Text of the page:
Hidden agendas / John Pilger.

by Pilger, JohnLooking glass.

Publisher: London : Vintage, 1998.Description: ix],687 pages,8 unnumbered pages of plates : illustrations, facsimiles,portraits ; 20cm.ISBN: 0099741512.Subject(s): Mass media and public opinionLooking glass | Political persecutionLooking glass | Power (Social sciences)Looking glass | Social controlLooking glassNote: Bibliography: pages 611-687. - includes index.
Item type Home library Collection Class number Status Date due Barcode Item reservations
Short loan London College of Communication
Main collection
Printed books 070.449323 PIL (Browse shelf (Opens below)) Available 40488209
Long loan London College of Communication
Main collection
Printed books 070.449323 PIL (Browse shelf (Opens below)) Available 40502627
Total reservations: 0

Enhanced descriptions from Syndetics:

In his powerful new book, journalist and film maker John Pilger strips away the layers of deception, dissembling language and omission that prevent us from understanding how the world really works.From the invisible corners of Tony Blair's New Britain to Burma, Vietnam,Australia,South Africa and the illusions of the 'media age', power he argues, has its own agenda. Unchallenged, it operates to protect its interest with a cynical disregard for people - shaping, and often devasting, millions of lives.By unravelling the hidden histories of contemporary events, Pilger allows us to read between the lines. He also celebrates the eloquent defiance and courage of those who resist oppression and give us hope for the future. Tenaciosly researched and written with passion and wit, "Hidden Agendas" will change the way you see the world.

Bibliography: pages 611-687. - includes index.

Reviews provided by Syndetics

Publishers Weekly Review

An Australian-born, London-based journalist and TV documentarian, Pilger might be thought of as Noam Chomsky with a journalist's chops, given his ability to unpack the power relations in the events he chronicles and his trenchant reports from the field. This hefty collection of his dispatches and essays, some of which began as items in the Guardian and the New Statesman, concerns "slow news." In Pilger's words, "slow news" consists of stories that unfold in the shadows of fast-breaking, world-shaking events, but fail to register in a mass media dominated by infotainmentÄstories like the death of Iraqi civilians, the exploitation of Haitian children, the forced demise of the Caribbean banana trade. Pilger's most accessible polemics are grounded in reporting, as when he observes the "refined absurdity" of an arms fair or depicts an arms dealer claiming to be a "simple businessman." Better still are his reports from Burma, where he not only met the resolute dissident Aung San Suu Kyi but also filmed slave laborers. Pilger's attack on the British media, from the BBC to Rupert Murdoch, whose headquarters at Wapping, England, he calls "a cultural Chernobyl," may fail to interest an American readership. But his accounts of the newly democratized South Africa and Vietnam's deprivations under World Bank-imposed strictures remind us that globalization does not lift all boats. Pilger sounds self-righteous at times and occasionally overstates his case: the mainstream media is not nearly so silent as he charges. But these essays pack a powerful punch, raising questions thathis peers in the news trade can ill afford to ignore. (Apr.) (c) Copyright PWxyz, LLC. All rights reserved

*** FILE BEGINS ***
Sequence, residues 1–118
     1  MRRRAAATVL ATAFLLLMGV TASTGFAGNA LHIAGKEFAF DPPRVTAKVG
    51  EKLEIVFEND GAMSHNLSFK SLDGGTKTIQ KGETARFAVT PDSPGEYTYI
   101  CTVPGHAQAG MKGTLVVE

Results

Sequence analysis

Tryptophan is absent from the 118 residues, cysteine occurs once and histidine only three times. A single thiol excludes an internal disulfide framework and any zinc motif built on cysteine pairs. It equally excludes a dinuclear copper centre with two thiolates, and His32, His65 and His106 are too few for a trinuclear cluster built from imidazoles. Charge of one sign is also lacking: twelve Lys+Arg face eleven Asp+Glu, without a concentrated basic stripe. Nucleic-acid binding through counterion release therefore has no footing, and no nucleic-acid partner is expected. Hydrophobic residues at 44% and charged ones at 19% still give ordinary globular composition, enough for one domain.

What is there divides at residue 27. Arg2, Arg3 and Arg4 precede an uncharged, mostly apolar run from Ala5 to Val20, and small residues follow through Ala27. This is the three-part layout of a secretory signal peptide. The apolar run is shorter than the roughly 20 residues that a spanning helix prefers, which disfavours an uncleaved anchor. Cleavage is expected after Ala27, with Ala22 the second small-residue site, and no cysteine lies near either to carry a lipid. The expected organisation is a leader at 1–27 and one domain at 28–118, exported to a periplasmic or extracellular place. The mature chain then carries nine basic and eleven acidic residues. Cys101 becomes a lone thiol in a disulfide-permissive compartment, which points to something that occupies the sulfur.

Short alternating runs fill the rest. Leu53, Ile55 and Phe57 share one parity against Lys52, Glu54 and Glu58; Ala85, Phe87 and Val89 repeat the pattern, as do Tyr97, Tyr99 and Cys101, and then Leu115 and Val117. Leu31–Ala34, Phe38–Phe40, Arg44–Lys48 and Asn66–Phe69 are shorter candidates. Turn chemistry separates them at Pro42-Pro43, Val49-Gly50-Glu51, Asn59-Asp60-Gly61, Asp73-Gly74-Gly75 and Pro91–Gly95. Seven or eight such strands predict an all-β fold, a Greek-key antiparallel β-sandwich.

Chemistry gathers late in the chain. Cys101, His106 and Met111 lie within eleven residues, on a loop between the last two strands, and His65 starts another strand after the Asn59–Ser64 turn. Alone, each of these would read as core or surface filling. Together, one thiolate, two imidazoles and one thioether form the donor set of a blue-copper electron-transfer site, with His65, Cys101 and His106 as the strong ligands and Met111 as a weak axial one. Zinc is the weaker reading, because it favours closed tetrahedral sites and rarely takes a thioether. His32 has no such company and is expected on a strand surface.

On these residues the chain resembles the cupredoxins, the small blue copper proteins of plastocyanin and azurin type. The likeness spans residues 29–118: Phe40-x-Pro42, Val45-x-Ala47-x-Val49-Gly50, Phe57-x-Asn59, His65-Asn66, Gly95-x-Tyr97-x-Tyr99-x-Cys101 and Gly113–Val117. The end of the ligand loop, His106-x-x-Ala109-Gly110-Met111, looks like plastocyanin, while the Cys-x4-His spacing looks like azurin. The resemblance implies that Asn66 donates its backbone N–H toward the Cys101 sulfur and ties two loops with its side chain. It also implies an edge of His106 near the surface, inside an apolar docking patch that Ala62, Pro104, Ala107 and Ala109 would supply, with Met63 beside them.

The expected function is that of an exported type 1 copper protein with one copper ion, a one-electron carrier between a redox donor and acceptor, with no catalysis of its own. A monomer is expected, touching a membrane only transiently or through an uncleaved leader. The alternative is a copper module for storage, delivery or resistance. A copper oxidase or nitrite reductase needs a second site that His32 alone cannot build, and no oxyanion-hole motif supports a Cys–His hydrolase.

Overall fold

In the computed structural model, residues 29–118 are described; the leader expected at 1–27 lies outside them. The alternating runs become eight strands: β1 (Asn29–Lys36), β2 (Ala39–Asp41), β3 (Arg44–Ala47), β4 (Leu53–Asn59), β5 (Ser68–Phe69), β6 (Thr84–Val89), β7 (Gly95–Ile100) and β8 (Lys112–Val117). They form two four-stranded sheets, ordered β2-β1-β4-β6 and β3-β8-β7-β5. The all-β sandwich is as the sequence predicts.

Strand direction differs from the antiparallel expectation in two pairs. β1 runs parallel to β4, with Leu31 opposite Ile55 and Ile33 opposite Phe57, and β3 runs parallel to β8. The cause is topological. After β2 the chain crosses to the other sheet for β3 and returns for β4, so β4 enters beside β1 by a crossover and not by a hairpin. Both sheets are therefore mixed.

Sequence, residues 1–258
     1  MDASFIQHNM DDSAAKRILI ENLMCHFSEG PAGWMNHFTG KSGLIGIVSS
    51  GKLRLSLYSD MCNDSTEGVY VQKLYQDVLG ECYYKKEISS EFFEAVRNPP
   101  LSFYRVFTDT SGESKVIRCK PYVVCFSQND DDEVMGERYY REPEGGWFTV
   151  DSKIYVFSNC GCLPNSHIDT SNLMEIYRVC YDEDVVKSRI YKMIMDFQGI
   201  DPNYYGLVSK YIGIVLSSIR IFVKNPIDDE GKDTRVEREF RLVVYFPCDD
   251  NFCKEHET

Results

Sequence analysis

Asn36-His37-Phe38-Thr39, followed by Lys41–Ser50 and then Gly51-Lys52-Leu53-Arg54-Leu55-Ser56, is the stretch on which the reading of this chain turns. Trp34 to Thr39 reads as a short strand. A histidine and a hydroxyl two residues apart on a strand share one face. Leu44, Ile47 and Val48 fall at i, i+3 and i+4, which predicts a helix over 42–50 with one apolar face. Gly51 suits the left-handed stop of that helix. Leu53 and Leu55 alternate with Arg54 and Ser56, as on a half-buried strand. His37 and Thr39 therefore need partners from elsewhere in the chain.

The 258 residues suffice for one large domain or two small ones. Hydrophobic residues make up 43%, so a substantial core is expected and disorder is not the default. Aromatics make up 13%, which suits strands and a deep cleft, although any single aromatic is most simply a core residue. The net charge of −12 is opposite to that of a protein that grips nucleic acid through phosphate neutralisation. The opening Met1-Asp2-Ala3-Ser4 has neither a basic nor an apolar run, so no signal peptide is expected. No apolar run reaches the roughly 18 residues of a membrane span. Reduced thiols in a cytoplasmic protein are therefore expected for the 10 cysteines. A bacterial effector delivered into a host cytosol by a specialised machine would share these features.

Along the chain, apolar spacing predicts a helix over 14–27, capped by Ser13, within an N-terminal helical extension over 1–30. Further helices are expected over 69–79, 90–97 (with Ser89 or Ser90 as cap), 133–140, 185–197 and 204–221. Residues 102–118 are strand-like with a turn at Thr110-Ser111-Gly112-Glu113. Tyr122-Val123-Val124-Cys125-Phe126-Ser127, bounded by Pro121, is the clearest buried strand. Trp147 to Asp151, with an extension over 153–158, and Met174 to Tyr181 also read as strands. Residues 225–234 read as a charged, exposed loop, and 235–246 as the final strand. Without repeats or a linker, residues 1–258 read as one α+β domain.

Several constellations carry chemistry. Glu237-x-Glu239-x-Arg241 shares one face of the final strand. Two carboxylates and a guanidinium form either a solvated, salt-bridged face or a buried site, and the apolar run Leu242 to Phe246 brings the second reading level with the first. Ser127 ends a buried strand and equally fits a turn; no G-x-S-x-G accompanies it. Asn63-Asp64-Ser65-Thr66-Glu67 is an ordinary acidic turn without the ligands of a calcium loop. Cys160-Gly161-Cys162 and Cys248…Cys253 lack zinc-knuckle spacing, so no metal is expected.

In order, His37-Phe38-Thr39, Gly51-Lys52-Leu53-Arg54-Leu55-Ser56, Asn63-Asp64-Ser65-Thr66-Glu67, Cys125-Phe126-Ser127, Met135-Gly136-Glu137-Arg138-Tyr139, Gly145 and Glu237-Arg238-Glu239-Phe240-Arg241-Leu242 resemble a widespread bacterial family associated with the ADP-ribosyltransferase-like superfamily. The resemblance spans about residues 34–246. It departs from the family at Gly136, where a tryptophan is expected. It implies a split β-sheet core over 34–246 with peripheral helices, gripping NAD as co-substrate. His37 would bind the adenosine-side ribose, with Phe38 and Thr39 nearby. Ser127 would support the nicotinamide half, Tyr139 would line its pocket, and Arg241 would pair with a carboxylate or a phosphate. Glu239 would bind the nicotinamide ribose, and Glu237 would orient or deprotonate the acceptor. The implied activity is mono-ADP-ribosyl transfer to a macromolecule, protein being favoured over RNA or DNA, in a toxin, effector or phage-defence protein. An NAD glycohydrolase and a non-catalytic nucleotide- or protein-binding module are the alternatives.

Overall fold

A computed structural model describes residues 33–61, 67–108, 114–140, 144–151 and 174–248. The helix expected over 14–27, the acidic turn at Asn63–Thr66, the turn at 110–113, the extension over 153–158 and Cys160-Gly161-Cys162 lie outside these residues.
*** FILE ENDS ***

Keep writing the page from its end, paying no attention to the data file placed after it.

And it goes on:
Author notes provided by Syndetics

John Pilger grew up in Sydney, Australia. He has been a war correspondent, author and film-maker. He has twice won British journalism's highest award, that of Journalist of the Year, for his work all over the world, notably in Cambodia and Vietnam. He has been International Reporter of the Year and winner of the United Nations Associated Peace Prize and Gold Medal. For his broadcasting, he has won France's Reporter Sans Frontières, an American television Academy Award, an Emmy, and the Richard Dimbleby Award, given by the British Academy of Film and Television Arts. In 2003, he received the Sophie Prize for 'thirty years of exposing deception and improving human rights'.